But, many audiences will find they have minimal interest in Wendy and her experiences which the even-paced minimalist style will not increase. With all the best will in the world, and admiring the skills brought to the film-making, this was the experience of this reviewer.
THE YOUNG VICTORIA
(UK, 2009, d. Jean-Marc? Vallee)
Here is a worthwhile period drama and glance back at English heritage. It has beautiful and regal settings (including the interiors for Buckingham Palace), attractive locations, lots of regency costumes and everything to delight audiences who relish the look of a film. But, it has a lot more for those whose appreciation of detail is more 'big picture' and cursory. It takes us back to the late 1830s and someone we have rarely met or even know about, the young Victoria.
The film also has the advantage of a solid performance by Emily Blunt who takes us inside the mind and feelings of the young princess and the young queen. She is nicely matched by Rupert Friend as Prince Albert (after his somewhat wooden performance as the effete hero of Stephen Frears' Belle Epoque film, Cheri), bringing him alive as a person and not merely a consort let alone the person who lingered for forty years as a memory in Victoria's life. And the fine acting extends to the supporting roles, Paul Bettany as a youngish Prime Minister, Lord Melbourne (the actor being almost twenty years younger than Melbourne was at the time), Miranda Richardson as Victoria's dominating mother and Mark Strong as her Svengali-like companion, the ambitious Sir John Conroy who plotted for Victoria's signing an agreement for a regency by her mother. She didn't sign and William IV dies just after she turned 18 and she assumed the throne.
Jim Broadbent does a very interesting cameo as William IV and Harriet Walter is Queen Adelaide who seems to have given Victoria better advice than her mother.
The literate and historically grounded screenplay is by actor and writer Julian Fellowes (Gosford Park, Separate Lies) and the director is Canadian, Jean-Marc? Vallee (CRAZY).
The film-making background is quite impressive – and, at 95 minutes, the film is not likely to outlast its welcome.
So, what is it telling us about this Young Victoria?
The first thing is that she was so protected from real life as she grew up that it is difficult to know what her true personality was at that time. She could not go anywhere in the house unaccompanied. She had little social life. She was not allowed to read novels until she was 16 (and read Sir Walter Scott). She was the victim of a life of observing protocols.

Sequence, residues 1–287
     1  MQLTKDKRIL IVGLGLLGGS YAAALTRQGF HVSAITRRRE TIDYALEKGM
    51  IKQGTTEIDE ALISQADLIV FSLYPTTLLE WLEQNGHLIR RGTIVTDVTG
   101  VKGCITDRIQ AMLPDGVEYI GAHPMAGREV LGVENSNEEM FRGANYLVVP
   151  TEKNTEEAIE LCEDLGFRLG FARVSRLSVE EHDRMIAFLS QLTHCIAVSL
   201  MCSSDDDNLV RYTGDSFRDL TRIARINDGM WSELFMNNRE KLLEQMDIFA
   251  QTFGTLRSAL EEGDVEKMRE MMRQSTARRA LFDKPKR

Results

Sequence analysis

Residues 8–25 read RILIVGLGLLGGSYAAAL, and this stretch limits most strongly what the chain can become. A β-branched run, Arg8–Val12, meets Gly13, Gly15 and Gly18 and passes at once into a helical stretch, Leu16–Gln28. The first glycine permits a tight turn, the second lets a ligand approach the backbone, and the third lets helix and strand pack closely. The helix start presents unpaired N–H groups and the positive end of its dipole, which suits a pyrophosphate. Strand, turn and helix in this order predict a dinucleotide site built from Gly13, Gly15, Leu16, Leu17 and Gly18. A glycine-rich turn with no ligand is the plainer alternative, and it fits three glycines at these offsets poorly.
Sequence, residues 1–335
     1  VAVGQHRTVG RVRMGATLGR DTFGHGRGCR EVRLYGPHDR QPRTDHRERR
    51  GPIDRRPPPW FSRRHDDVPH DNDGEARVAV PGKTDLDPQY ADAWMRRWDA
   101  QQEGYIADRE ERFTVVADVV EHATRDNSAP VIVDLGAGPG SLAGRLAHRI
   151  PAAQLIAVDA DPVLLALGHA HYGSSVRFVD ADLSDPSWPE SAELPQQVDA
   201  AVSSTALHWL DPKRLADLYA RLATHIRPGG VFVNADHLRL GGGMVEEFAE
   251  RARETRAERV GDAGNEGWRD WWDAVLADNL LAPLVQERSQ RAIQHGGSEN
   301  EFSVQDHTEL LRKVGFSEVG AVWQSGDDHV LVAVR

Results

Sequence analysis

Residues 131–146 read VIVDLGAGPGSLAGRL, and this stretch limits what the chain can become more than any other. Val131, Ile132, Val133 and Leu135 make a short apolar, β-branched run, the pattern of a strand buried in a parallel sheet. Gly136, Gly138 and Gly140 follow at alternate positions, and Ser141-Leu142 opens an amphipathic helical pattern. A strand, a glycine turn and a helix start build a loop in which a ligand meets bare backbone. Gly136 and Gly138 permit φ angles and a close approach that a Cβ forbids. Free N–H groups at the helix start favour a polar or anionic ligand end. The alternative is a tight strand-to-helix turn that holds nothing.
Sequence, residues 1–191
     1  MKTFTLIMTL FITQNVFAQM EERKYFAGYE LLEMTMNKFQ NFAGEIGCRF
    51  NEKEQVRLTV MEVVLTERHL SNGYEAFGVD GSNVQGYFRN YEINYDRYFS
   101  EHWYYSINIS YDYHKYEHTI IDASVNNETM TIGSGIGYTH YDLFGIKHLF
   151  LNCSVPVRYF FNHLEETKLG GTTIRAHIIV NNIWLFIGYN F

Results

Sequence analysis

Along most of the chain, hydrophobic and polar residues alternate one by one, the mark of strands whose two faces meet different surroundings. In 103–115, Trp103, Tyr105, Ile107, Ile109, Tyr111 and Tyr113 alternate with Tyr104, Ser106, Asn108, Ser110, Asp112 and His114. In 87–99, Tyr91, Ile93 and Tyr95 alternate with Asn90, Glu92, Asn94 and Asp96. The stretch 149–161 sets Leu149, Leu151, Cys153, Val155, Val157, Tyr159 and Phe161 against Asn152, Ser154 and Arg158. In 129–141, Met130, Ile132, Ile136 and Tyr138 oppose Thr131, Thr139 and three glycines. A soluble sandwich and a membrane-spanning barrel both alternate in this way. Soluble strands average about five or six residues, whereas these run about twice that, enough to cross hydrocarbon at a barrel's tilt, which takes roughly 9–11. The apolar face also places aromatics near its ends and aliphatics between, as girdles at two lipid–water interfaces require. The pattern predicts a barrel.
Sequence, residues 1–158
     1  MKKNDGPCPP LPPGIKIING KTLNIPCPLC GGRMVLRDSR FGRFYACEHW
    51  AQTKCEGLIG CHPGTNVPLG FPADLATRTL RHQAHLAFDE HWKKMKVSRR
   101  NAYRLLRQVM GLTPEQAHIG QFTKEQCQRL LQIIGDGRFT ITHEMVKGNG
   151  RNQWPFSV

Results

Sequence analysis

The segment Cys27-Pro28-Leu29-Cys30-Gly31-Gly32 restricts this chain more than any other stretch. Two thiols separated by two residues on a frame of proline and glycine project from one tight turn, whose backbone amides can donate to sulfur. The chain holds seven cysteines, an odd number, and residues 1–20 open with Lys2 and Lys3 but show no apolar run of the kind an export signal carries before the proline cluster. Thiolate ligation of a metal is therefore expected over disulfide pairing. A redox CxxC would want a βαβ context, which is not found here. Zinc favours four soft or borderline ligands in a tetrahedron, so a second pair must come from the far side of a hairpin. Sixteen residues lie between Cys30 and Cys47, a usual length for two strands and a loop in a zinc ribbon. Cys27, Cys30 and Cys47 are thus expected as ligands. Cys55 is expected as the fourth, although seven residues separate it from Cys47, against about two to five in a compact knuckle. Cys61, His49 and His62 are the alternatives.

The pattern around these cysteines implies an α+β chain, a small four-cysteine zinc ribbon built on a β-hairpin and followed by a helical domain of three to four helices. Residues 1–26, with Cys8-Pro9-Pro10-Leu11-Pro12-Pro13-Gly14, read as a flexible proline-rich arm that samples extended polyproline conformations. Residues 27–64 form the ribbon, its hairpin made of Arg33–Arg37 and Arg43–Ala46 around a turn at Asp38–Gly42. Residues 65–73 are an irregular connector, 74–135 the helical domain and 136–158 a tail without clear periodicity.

Apart from her grief in losing her father when young,she did not rate so highly in her mother's affections, despite protestations on the part of her mother that she did. Her mother was under the control of Sir John Conroy who was determined that Victoria should sign a concession to regency document before she turned 18, allowing her mother to rule (and Conroy to rule her). Whatever it was in Victoria, she refused to sign.
Another issue was her marriage. With the family interconnections amongst the 19th century rulers of Europe, there was always an eager eye for a profitable arranged marriage. Leopold of Belgium features largely in the film, eager for a marriage that would supply him with British support should he experience trouble. This was made known to a cousin in the Saxe-Coburg? family, Albert.
When Albert visited Victoria, they became friends, he a perfect gentleman and she an independent but susceptible young woman. The film suggests at least affection at first sight but the love gradually grew through correspondence and Victoria's difficulties in the first years of her reign, over-reliance on Melbourne, a clash with Prime Minister, Robert Peel, the management of her household and some unpopularity with the people.
The film makes the relationship between Victoria and Albert something of a tender blossoming of love, shared interests (although a clash when Albert felt that he was being sidelined in affairs of state and Victoria treated him with a heavy hand followed by reconciliation) and the final information about their 20 years' marriage, their children, Albert's death and the queen's devotion.
Obviously, Victoria was able to develop a personality and a character.